Old Year’s Day

Last summer, and over the months that followed as I finished a rather substantial book by Professor Randy David, I was introduced to the idea of life as a narrative. I’m pretty sure it’s an idea that would stick with me for many years to come. And it’s bound to come up especially during times like this, on the eve of the new year, when the sociable thing to do is to reminisce and tweet about one’s favorite moments from the past year. (The more contemplative ones like to blog the products of their ruminations as well.)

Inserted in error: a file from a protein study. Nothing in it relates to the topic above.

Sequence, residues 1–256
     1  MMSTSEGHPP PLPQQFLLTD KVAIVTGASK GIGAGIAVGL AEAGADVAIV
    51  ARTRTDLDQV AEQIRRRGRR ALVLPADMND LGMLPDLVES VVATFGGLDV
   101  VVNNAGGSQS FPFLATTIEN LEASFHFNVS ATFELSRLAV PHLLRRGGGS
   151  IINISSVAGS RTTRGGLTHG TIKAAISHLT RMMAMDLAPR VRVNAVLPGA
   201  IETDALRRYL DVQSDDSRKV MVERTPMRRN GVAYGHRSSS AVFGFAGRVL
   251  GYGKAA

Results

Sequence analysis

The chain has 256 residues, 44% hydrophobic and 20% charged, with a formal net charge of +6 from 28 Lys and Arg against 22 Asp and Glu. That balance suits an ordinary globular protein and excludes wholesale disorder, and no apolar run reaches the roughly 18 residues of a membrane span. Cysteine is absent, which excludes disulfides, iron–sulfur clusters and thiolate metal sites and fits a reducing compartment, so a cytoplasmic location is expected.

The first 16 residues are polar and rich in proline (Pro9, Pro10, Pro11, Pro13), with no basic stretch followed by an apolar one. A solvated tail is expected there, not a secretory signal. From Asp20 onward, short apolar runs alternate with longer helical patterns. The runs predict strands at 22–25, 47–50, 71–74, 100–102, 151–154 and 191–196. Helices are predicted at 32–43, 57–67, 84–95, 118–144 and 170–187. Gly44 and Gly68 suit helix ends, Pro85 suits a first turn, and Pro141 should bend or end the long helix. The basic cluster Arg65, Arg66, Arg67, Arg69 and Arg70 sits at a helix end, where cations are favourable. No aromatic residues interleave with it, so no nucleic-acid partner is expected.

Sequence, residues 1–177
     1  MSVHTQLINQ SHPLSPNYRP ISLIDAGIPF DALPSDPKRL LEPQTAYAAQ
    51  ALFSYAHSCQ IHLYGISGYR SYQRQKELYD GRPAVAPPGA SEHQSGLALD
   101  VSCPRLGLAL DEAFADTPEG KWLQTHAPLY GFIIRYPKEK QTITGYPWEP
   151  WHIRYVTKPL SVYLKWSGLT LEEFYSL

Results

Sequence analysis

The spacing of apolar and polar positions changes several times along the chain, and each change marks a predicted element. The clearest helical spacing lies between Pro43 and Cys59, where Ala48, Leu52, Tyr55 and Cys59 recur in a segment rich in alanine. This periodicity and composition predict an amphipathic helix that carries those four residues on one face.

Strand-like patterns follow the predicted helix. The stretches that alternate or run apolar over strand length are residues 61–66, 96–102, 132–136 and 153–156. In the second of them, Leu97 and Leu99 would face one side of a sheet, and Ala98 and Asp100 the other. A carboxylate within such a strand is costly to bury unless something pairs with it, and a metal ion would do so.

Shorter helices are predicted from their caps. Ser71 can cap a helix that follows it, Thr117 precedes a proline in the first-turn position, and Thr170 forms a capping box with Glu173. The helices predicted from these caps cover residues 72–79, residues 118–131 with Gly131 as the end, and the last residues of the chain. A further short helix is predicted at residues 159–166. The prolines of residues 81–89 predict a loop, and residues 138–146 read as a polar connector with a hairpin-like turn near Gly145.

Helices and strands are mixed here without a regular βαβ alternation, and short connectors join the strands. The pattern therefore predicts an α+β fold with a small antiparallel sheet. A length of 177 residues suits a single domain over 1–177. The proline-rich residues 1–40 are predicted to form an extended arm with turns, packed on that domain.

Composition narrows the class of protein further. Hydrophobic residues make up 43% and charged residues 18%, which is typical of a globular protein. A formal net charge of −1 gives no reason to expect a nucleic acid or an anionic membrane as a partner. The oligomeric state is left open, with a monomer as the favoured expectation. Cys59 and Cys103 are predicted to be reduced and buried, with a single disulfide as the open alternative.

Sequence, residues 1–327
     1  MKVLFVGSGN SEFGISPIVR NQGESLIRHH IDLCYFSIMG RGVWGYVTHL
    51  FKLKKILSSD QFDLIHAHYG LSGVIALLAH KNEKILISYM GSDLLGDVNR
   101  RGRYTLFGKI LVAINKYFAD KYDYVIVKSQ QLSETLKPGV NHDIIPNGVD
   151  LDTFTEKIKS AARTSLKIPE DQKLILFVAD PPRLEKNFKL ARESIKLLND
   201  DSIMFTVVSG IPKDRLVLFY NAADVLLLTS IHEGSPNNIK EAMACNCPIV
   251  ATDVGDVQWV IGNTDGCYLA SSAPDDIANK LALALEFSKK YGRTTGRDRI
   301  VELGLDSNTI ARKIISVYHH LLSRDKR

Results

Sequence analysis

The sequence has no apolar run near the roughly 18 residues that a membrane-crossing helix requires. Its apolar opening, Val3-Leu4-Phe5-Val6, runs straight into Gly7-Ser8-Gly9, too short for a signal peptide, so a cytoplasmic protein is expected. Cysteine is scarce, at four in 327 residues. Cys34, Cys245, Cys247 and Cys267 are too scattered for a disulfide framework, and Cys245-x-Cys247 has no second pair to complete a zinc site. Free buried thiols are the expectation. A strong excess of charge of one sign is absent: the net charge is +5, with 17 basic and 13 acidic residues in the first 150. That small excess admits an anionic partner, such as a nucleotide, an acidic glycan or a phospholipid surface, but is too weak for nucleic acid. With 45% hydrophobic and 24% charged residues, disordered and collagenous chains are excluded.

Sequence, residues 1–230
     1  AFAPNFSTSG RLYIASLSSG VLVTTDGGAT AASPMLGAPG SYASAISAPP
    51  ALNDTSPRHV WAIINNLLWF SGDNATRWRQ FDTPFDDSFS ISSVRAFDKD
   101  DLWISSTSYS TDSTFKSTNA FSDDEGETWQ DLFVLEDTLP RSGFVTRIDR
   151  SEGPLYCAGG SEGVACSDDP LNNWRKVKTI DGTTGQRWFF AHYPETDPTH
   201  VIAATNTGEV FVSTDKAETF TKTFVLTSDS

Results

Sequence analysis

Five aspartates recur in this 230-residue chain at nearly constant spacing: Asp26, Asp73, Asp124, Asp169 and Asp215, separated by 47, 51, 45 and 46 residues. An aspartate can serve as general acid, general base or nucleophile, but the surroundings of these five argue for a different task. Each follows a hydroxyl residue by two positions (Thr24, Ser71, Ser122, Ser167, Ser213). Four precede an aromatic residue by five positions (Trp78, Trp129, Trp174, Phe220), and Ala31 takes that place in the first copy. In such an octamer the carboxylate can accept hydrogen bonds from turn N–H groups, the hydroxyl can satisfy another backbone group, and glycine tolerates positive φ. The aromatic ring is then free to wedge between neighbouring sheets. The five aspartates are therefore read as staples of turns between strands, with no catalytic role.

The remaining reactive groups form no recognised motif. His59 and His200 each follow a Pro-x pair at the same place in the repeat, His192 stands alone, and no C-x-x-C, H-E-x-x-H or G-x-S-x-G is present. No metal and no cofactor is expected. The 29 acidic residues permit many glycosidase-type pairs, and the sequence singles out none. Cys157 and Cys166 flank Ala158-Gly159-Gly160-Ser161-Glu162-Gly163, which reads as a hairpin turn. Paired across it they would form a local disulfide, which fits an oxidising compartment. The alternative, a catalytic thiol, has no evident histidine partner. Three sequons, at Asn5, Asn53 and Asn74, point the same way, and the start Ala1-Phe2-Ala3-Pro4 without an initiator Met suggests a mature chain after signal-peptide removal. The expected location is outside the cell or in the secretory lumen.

Here’s one way to think about everything that has happened to you in the past year: they were either things that you planned, or they were the things that you didn’t plan. Thanks to the things that you didn’t plan, you can tell a story of the past year that’s more exciting than if everything turned out well. For example, if you’re a student like me, tonight you can tell the story of how you planned to get your grades up, but then you got caught up in the activities of some charitable cause-oriented organization so much that your grades suffered, but it’s alright because you found that work fulfilling and there you learned things you will never learn inside the classroom. Compare that to if things turned out well: you planned to get your grades up, and, well, they shot up. End of story; you need not provide further details because no one will listen to such arrogance.

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